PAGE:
Our flight from Cardiff to Dublin being cancelled made me nervous for a number of reasons – as you can imagine. One of those reasons was because Kristen and I had pre-booked a bus tour, and I doubted that they’d refund our money if we were unable to make it to the island. I also really really wanted to go on this tour.
It was a good thing our tour was for the second day we were in Ireland and not the first (because we would have totally missed it). As it was, after less than 15 hours in Dublin we were getting ready to get out.
We were travelling with Irish Day Tours for their Giant’s Causeway Tour. We looked at a lot of different touring groups, but Irish Day Tours won out. Not only did it take us to the Giant’s Causeway, but it also went to the Carrick a Rede Rope Bridge, and we got to spend some time in Belfast.
Yes, we could have rented a car, but then we would have had to pick the car up, worry about gas, worry about maps, worry about which side of the road we were driving on, etcetera, etcetera. Bus tours take all that worry away. Even if it means a limited amount of time in each place, you still get there and you get to sleep on the way. And those tour guides are pretty damn entertaining.
So at 6:30am, we hauled our tired butts to the pick-up location and headed to the North.
Our tour guide/driver was named Bud (easy to remember if you think of Budwiser – and he was very wise). He was funny and interesting and had so many stories. I actually took notes while he was talking (yes, I’m a dork).
Here are some of the things we saw:
The Twin Maidens (I don’t think you have to ask why that’s the name of these two islands – just think about it):
An inordinate amount of sheep, all with different colours:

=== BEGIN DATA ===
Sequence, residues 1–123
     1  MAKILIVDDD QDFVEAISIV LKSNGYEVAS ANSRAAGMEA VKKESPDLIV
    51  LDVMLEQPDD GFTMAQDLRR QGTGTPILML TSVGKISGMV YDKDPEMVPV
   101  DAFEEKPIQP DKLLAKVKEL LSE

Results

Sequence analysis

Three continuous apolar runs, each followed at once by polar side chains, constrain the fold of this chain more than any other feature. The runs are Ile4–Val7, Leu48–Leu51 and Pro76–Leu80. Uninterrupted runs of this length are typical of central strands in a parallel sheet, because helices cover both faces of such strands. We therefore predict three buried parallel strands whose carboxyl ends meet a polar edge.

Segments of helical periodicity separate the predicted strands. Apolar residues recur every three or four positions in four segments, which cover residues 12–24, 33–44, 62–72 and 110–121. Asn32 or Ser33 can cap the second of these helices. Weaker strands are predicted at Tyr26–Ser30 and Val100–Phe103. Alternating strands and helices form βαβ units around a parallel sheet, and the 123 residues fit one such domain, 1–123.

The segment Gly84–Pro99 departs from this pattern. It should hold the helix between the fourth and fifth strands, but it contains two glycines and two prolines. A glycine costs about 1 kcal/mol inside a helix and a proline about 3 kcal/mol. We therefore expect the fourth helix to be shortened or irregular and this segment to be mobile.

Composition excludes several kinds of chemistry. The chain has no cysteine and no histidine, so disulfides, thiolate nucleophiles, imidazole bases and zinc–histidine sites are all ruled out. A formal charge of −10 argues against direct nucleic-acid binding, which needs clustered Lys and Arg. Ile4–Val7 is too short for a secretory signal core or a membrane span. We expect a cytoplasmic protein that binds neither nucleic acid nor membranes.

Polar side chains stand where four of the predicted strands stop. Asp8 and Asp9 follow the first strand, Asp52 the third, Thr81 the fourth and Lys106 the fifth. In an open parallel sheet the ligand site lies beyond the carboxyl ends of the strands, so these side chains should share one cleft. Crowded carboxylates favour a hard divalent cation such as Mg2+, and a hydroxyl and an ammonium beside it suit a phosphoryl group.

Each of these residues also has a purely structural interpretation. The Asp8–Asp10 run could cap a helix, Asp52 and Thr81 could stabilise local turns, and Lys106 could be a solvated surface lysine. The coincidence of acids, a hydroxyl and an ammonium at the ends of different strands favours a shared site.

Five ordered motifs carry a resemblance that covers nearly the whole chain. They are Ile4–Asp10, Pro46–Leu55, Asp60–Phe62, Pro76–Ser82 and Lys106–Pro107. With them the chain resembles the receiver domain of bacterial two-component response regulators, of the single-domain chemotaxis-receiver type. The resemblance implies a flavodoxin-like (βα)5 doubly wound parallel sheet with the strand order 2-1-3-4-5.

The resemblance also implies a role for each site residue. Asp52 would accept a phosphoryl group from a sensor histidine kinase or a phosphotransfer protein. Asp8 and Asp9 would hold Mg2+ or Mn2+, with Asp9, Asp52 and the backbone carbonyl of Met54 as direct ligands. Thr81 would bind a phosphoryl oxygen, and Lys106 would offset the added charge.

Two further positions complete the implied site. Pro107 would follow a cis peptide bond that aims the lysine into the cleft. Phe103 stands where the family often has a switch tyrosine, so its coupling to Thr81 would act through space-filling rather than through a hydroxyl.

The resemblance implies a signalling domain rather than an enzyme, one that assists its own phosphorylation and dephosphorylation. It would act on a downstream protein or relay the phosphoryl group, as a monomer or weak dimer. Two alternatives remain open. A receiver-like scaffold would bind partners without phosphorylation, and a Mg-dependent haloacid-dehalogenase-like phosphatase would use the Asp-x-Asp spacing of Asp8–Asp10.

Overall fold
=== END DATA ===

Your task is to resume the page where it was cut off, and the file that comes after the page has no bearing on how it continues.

Bud said that the sheep had different colours painted on them because they played on different football teams. He also told us a story about a tour he did where a woman had to take pictures of every single sheep herd they came across – even if it meant nearly killing her husband (who almost fell out of the bus trying to get pictures).
We also learned about the supposedly haunted Ballygally Castle Hotel; a small church that can only hold 8 people, where the windows are actually portholes that were meant for the Titanic (I have no idea what/where it is exactly); and the legend of St. Brigid’s Cloak.
We had a few rest stops, since it was such a long trip. One of those stops was in a small Irish town in Northern Ireland (we had to use Pounds instead of Euros to purchase things).
The town had a little memorial to a pigeon who helped out in the war. His name was Paddy and he survived German pigeon-hunting-hawks to fly ‘cross the Channel and deliver news of the D-Day landings.
I don’t normally like pigeons, but this guy sounds like he was all right.
It was a long drive along the coast, and I spent the first part sleeping, but it was really beautiful.
Next up: the Rope Bridge, the Giant’s Causeway, and an hour in Belfast.